Historic Roads

August Road, North Babylon
August Belmont once owned an estate in Babylon. After his death, the land became Belmont Lake state Park. The road bearing his name skirts the north and east sides of the park today.

Beef Bishop Way, Sayville
From 1928 to 1930, Clinton Bishop served as chief of the Sayville Fire Department. His nickname? Clinton “Beef” Bishop. The driveway leading into the firehouse received an honorary title bearing his name.

Bread and Cheese Hollow Road, Northport
Local legend tells us that Nissequogue Indians gave Richard Smith permission to establish the present-day boundaries of Smithtown by riding atop a bull and encircling all the land he could in one day. After the journey, Smith stopped at the Bread and Cheese Tavern for food.  However, the name might also come from local hawthorn plants, which settlers referred to as “bread and cheese.”

Fireplace Neck Road, Brookhaven
The area south of Beaver Dam Road in Bellport was once known as Fire Place. When lighthouses were unavailable, it was common to see fires lit on beaches, so that incoming ships would not ground themselves.

Fort Salonga Road, Northport
Long Island was occupied territory during the American Revolution. The British built Fort Slongo in Northport, naming it for one of its chief architects. The fort was the site of a minor battle on October 3, 1781, when Benjamin Tallmadge led a raid that resulted in the capture of  21 British soldiers. The fort is gone today, but the earthworks remain in the backyard of a local resident.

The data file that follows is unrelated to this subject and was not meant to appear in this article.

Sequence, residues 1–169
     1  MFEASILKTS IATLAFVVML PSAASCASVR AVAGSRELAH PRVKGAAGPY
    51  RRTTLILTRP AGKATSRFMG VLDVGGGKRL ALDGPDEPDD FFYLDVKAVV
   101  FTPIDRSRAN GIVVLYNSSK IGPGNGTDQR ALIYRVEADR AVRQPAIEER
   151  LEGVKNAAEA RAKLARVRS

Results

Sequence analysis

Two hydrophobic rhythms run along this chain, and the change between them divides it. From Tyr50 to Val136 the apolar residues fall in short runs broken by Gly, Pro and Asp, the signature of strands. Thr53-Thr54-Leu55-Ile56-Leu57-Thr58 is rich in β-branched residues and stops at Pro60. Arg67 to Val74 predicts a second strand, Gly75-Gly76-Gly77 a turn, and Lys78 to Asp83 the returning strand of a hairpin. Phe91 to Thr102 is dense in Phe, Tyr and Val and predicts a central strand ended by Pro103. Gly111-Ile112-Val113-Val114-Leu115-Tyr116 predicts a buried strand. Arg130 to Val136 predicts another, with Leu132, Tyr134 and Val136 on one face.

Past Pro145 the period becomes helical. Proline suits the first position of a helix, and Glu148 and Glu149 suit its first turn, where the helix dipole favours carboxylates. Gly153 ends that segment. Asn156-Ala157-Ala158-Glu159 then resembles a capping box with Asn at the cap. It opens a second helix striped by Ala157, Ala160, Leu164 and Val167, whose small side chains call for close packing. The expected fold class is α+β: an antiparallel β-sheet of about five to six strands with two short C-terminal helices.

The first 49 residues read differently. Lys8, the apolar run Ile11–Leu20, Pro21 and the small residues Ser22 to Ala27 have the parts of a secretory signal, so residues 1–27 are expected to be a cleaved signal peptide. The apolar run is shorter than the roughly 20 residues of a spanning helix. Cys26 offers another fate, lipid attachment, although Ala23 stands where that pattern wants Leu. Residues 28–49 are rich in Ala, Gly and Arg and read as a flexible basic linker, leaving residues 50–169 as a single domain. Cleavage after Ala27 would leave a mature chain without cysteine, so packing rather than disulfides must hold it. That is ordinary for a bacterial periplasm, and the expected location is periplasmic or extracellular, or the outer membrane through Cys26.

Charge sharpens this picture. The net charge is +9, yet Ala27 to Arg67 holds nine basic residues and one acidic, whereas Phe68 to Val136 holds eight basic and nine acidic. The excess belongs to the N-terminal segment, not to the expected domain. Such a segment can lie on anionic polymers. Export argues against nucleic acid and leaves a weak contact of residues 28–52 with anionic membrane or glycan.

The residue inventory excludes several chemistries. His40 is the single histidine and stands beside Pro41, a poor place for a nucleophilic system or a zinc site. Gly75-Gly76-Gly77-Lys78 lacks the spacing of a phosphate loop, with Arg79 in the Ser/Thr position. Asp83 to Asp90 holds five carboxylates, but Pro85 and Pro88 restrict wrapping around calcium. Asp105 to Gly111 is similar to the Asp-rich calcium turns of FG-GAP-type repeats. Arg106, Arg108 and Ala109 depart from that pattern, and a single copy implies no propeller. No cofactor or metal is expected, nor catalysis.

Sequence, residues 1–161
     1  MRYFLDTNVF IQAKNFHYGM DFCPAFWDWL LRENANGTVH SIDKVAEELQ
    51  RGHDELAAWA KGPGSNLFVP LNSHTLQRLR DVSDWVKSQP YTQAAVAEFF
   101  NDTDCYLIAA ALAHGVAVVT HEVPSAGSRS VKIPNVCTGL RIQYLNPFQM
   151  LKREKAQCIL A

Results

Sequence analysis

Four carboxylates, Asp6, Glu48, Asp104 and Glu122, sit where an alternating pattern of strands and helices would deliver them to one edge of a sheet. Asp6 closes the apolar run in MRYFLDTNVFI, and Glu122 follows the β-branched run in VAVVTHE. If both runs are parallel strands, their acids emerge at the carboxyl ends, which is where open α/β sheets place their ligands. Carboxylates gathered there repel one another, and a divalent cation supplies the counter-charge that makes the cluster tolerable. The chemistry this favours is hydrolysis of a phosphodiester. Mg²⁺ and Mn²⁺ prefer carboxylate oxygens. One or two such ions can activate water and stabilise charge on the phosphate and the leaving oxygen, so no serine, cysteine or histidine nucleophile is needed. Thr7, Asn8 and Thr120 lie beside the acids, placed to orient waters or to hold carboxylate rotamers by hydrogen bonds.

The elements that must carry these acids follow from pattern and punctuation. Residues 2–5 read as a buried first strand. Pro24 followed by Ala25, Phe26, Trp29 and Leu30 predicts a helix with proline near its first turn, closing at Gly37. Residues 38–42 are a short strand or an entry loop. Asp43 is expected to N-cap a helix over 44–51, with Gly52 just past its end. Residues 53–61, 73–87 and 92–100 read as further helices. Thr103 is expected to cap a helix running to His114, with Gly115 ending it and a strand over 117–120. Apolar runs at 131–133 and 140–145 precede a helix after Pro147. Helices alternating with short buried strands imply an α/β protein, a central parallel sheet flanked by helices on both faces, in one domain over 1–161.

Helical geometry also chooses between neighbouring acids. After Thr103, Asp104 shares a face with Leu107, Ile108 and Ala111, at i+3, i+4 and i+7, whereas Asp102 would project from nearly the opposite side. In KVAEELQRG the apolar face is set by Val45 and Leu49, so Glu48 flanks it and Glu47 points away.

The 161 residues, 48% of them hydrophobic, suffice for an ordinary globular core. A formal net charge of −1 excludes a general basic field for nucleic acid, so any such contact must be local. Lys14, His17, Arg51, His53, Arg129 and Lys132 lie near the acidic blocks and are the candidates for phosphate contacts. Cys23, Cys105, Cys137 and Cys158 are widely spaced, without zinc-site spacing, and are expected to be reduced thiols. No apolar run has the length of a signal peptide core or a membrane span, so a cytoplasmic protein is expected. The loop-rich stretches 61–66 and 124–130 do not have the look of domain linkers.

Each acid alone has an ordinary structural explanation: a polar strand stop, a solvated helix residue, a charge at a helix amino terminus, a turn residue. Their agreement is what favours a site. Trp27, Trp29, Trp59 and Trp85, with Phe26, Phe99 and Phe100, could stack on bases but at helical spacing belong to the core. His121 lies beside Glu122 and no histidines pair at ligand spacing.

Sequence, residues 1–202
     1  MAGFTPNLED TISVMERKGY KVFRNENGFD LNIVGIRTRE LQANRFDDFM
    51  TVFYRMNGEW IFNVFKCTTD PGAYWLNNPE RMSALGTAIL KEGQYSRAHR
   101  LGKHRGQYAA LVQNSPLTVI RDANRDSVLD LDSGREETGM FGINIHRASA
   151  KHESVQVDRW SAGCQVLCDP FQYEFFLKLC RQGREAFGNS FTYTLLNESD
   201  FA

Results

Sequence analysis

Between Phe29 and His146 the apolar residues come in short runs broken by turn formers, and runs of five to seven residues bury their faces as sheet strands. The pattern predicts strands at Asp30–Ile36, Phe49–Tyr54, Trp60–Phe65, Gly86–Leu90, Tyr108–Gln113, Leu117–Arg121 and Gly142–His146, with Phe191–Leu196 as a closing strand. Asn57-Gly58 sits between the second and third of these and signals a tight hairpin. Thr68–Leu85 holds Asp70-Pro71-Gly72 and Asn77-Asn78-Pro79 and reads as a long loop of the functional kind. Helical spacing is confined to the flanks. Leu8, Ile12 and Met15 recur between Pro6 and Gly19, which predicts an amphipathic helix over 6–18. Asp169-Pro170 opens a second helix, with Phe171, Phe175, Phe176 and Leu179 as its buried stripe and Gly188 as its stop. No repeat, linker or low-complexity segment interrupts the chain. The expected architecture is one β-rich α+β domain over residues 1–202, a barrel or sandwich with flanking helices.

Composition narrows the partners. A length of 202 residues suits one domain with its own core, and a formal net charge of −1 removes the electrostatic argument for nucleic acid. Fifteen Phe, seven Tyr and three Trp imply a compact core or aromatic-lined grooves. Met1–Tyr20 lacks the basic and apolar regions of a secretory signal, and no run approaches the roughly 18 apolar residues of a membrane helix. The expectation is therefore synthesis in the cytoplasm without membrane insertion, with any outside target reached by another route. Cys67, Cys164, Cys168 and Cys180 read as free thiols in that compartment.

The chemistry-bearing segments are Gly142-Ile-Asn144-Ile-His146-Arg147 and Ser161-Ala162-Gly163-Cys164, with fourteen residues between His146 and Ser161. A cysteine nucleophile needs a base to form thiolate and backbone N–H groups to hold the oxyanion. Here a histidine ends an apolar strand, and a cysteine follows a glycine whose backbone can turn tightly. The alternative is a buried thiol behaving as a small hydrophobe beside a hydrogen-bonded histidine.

Granny Road, Farmingville
According to the Farmingville Historical Society, the eastern part of Granny Road was surveyed and cut from “Granny” Larsen’s home to what is today’s Route 112.

Horseblock Road, Centereach
Samuel Smith owned The Horseblock Tavern at the intersection of Middle Country Road and Horseblock Road. By the start of the 19th century, it had gained a poor reputation as a hangout for thieves and drunks. The tavern’s name refers to a horseblock that Smith had set up for his customers to stand on while they saddled up.

Louis Kossuth Avenue, Ronkonkoma
While Bohemia was settled by Czechs, neighboring Ronkonkoma had a Hungarian colony. Lajos Kossuth was a Hungarian revolutionary, and is known as the “father of Hungarian democracy.”

Manetto Hill Road, Plainview
Algonquin-speaking cultures of North America believe that all of creation is permeated by an underlying energy or life force called manitou. The concept is not unlike other animist belief systems across the world, which hold that various landforms and geographic features have spirits attached to them. Manitou Hill once overlooked a small kettle pond that was sacred to the Indians in the area.

Manor Lane, Bayshore
Manor Lane is named for the Sagtikos Manor. The lane runs parallel to the manor property, which at one point included lands between the highways Sunrise and Montauk. The old Gardiner Manor Mall also took its name from the estate, as the Gardiner-Thomson Family were owners of the manor until 1985.

Mechanicsville Road, Bayshore
Bayshore’s original name was Penataquit. It later became Mechanicsville, and eventually Bayshore.

Motor Parkway, Hauppague
William K. Venderbilt II, great-grandson of railroad tycoon Cornelius Vanderbilt, was an avid automobile enthusiast.  He created the first racing championship in 1904, the Vanderbilt Cup Races. His races however, upset Long Island farmers, as the loud and dirty race cars would frighten their livestock. Vanderbilt used his fortune to build his own private racetrack- the Vanderbilt Motor Parkway. It began in New York City, and terminated at Lake Ronkonkoma.

Muttontown Road, Glen Head
Mutton (the meat of a sheep) was an expensive luxury in the colonial era. Sheep farms would drive their livestock through this area to the slaughterhouse, where the meat would be exported to wealthier areas.

Oxhead Road, Stonybrook
It has been said that the road took its name from an ox head that was set on a fence post at one point.

Penataquit Avenue, Bay Shore